I hope you can help. I'm sure this is a common problem. My 12-year-old, going on 13, doesn't seem to have any close friends. He's a nice kid, a good kid. He has had some good friends in elementary school in the past, but was switched in his classes each year so every time he made a friend, he wasn't in the same class with that child the next year and it fell apart.
Last year, he started middle school and met some new kids but got in trouble with them. This year he doesn't seem to hang with them. He doesn't have a best friend; he is never invited over to other kids' houses or for overnights. This has been true since about fourth grade when he never asked for friends to come over or got asked to stay over much with other kids.
He's refused to really talk about it and just says "It's fine, Mom!" Unfortunately, there have been problems at home between my husband and me. We also don't have much of a social life. I visit friends outside the home, like going to dinner with friends, but my son may be reluctant to bring anyone home.
I know that he does talk to kids at school and I'm pretty sure he's not ostracized there. The kids he calls "friends" asked him to join the 7th grade football team but outside of seeing kids at school, there is no other social interaction.
I want him to develop healthy relationships but between home difficulties and his teen avoidance, I don't know what to do. I feel badly about him being left out.
Also, we are not members of a church or synagogue, which are big social drivers in our town but I know other parents aren't either so I can't tie it just to that He is playing football at school so I am hoping he'll have more opportunities meeting new friends.
Thanks for any help our direction you can give me,
Entering middle school is a big adjustment for both teens and for their parents. I don't know how large your school system is but students are typically thrown into a much larger pool of kids than they were used to in elementary school---at a time when many are feeling self-conscious and awkward. This transition can be particularly difficult for those who tend to be shy or who have to work harder at making new friends.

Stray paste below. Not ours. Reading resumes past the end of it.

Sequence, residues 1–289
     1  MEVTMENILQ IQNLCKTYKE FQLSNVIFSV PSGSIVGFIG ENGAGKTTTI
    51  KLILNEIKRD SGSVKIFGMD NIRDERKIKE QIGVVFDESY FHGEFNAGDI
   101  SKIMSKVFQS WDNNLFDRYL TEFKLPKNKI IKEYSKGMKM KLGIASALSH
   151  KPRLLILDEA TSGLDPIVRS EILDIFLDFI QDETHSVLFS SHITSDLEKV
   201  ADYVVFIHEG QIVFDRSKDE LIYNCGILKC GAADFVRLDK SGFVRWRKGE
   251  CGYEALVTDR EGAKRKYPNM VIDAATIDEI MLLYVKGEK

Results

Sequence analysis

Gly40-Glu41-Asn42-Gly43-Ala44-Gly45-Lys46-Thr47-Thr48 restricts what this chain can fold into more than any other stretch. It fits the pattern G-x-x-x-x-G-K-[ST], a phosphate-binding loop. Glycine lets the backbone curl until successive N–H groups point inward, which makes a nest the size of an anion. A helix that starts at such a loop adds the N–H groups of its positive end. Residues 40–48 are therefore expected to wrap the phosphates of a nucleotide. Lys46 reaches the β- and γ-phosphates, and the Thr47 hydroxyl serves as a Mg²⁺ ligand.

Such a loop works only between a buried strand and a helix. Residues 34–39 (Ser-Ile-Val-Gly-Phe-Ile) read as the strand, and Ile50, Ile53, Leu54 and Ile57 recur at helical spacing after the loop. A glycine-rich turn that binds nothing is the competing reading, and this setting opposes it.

Also bear in mind that some teens, by virtue of personality, tend to be more comfortable being alone than with others. If your son seems "fine" with his more limited network of friends, make sure you aren't transferring your own needs and/or insecurities onto him. Are there any signs of him not doing well in school or actively avoiding being with people his age?
If you do sense something is truly wrong, dig deeper. Your son may be uncomfortable in inviting friends over if there is a high level of conflict in your home. Young people can be very attuned to their parents' moods and may be reluctant to add to their stress. If your concerns persist, you might want to consider having him talk to someone outside of the family.
In the meantime, it's great that he's made the football team. Just continue to support and encourage him without pressuring him unnecessarily. The greatest likelihood is that he will "grow into" middle school and into a more active social life as soon as he is ready.
Hope this helps.
Other posts on The Friendship Blog about teen friendships:
- Help! My teenage daughter is losing her friends
- A teen asks: Why are friendships so fleeting?
- Teen daughter with not one close friend
- Painful teen friendship: What's a mom to do?
Having a friendship quandary or dilemma? Ask The Friendship Doctor.
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